The lesson? You are the company that you keep.


  1. Clocking off is becoming increasingly difficult and it’s fair to say that most people don’t want to be a company representative 24 hours a day, but it’s important to remember that what you do in private may, and often does, end up in public.
    This isn’t really anything new. 30 years ago many more people worked within their local community. The bank executive who got drunk and danced naked at the town fair would probably have his boss to answer to… not a lot has changed there.
    I think it’s all a question of degrees… getting drunk on a flight is not really news worthy. Getting thrown off is, whoever you work for. And if people are gunning for your company, you might want to think about being extra careful!

  2. What about good old values? I figure if you are a jerk and act like a jerk you are a jerk. I happen to agree; if you are connected you need to express yourself in a way that respects who you are and who you spend your time with. Family and business alike. Get drunk. Just be prepared for the fallout. Gibson’s fantasy clearly foreshadows where we are going but conveniently ignores the good in basic human values.

  3. I created another id to spread out my ideas, because when written within my id, I will be thinking of the response that I will get and hence could not express myself, thus my personal is different, I don use to tweet the truth, but I used to tweet the impression that I need to create from the people I know.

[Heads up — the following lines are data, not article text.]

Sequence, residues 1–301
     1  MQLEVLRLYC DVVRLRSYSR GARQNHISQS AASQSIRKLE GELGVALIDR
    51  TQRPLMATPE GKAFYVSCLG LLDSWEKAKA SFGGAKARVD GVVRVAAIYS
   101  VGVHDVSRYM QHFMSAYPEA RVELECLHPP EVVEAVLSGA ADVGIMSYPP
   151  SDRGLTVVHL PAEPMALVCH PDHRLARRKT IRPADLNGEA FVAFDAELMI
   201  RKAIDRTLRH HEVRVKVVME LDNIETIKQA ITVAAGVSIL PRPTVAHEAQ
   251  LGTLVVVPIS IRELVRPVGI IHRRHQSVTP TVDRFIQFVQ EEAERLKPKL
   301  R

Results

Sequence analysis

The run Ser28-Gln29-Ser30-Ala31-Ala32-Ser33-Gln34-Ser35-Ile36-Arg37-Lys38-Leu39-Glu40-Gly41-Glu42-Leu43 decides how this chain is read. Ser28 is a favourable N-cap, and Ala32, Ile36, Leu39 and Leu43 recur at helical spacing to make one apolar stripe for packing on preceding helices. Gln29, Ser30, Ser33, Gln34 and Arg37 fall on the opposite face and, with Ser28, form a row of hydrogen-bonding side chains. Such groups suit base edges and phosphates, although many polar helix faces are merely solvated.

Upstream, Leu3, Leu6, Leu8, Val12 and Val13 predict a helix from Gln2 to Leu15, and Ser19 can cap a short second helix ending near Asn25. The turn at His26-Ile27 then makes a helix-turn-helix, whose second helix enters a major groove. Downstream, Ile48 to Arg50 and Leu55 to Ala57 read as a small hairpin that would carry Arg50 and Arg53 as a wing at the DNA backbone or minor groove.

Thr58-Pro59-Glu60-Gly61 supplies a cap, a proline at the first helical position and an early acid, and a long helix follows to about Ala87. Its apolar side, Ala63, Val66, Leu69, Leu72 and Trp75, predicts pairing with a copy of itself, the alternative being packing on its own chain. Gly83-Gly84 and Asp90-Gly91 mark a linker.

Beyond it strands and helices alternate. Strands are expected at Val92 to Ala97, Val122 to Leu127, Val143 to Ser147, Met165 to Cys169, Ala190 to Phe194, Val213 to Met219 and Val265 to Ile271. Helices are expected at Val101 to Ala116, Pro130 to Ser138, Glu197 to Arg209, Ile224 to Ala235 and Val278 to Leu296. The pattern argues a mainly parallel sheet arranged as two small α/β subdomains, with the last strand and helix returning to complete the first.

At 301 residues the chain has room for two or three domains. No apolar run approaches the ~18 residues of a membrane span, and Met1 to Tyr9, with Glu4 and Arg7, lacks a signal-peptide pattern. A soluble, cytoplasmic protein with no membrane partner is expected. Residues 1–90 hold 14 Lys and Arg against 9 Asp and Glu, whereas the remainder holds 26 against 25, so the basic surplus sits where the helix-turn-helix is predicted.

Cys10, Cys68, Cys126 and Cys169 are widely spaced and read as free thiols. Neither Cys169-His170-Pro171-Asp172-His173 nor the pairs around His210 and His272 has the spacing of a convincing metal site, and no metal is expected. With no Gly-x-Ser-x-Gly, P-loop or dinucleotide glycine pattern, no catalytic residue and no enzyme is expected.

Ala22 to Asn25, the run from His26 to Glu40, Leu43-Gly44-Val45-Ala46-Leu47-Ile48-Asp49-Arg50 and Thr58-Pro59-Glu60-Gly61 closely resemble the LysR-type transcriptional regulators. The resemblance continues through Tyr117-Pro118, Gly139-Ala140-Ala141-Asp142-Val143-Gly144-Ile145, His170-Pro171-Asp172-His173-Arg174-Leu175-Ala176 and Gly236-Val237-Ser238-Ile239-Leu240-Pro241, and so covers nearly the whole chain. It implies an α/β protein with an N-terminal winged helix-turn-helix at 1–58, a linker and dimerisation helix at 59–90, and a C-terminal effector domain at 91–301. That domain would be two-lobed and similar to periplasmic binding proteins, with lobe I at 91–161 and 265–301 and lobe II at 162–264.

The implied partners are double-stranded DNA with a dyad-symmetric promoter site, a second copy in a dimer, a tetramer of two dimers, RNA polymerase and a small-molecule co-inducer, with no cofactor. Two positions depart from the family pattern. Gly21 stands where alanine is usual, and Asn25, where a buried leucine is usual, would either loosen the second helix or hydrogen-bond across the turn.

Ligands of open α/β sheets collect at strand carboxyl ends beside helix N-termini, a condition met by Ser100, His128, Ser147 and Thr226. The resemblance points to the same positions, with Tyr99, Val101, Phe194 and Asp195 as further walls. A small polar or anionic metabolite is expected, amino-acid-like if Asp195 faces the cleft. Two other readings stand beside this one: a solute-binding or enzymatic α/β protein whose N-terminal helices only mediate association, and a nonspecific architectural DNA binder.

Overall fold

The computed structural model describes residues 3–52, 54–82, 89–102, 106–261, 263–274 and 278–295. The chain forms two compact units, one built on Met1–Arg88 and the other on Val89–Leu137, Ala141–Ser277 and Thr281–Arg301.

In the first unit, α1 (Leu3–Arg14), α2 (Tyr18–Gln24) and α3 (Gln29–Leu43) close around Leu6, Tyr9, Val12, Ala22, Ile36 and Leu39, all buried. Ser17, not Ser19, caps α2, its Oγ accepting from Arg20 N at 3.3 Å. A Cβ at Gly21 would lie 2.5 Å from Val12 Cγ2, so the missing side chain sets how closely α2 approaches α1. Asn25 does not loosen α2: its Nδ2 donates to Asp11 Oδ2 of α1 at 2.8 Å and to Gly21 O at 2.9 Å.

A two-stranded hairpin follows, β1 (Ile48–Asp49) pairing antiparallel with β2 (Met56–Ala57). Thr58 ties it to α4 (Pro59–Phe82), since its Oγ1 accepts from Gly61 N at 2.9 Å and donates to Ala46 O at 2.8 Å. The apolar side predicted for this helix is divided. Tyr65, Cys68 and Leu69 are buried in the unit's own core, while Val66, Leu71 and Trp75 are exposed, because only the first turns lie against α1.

Calicut, Kerala

  4. Proper behavior is one thing, but right for privacy and private life is the other. Let’s consider a little extreme example – would Your sexual life affect Yours company reputation? After all Your ex-partner can tell the others that for example You have an erection dysfunction and, because let’s assume You’re a board member, this gossip goes public – would this threaten how Yours company is viewed by others and weakened it’s position in tough world of business? As I said this is a little extreme but we will eventually face issues like this if we would stop to separate our private life from our professional life. You’re not your job (unless you’re king 😉 ).

  5. Mitch, this is so spot on. When I read that news report, i had the same impression. While you are traveling on ‘your own time’, you are a representative of the organization 24/7. One action that you do to a potential customer/current client or the like, can directly affect perception and even revenue.
    Would be difficult for a company that lets say makes a specific brand of clothing, going around touting the fact that they wear a direct competitor’s clothing and boasting its quality.
    Your actions and mishaps are directly reflective to what quite possibly might happen to your business moving forward. The complainers need to remember, without that employer, they are unemployed….why directly affect something that puts money in your pocket.

  6. Well, pretty soon RIM will fire everyone working on them, not only those who get drunk on flights.
    RIM is, unfortunately, a company with no future. They’re still trying to figure out how to create phones to compete with the older version of the iPhone. I think they can learn a thing or two just by looking at Samsung. RIM’s prospects are very, very dim.